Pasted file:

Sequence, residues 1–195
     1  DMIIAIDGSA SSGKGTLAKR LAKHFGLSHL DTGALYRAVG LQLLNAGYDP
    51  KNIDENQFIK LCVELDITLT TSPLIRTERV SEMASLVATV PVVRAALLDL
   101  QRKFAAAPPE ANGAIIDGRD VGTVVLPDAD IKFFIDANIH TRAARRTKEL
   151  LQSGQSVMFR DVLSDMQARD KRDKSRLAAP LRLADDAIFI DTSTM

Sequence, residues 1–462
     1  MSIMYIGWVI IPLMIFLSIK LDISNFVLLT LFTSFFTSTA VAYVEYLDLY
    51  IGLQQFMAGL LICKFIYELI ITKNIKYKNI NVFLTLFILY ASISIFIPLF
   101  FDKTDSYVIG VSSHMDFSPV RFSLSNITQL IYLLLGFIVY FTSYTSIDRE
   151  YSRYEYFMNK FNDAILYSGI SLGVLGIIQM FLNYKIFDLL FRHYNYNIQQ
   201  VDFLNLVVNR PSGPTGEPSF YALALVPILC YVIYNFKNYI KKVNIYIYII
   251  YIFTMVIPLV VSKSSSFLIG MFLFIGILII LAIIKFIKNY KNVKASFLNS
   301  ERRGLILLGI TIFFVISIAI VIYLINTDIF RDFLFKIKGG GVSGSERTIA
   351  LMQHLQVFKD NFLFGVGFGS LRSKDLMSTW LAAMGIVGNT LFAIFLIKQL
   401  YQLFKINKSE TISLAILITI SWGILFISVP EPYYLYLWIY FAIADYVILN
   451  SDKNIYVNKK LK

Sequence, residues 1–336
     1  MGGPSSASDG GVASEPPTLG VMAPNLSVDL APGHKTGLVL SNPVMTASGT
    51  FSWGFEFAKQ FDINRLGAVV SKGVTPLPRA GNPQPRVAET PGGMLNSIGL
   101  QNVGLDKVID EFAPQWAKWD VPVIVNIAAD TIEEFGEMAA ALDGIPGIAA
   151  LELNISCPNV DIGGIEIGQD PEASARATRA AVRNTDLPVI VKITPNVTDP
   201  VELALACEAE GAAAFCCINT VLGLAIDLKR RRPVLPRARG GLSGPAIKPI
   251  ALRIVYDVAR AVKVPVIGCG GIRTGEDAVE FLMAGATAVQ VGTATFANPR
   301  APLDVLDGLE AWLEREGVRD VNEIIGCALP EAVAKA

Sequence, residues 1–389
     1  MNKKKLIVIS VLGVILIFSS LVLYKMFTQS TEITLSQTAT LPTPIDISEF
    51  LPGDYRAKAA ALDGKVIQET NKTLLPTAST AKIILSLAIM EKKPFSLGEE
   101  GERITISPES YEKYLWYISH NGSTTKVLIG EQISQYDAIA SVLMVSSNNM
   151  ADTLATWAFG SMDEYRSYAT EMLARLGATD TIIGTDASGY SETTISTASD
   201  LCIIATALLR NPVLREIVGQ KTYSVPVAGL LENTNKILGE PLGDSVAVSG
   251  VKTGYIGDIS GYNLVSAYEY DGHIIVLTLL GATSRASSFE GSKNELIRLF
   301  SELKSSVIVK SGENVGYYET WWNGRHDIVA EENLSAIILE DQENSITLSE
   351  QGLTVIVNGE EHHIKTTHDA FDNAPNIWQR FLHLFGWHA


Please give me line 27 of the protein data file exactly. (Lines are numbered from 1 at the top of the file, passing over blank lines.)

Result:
    51  LPGDYRAKAA ALDGKVIQET NKTLLPTAST AKIILSLAIM EKKPFSLGEE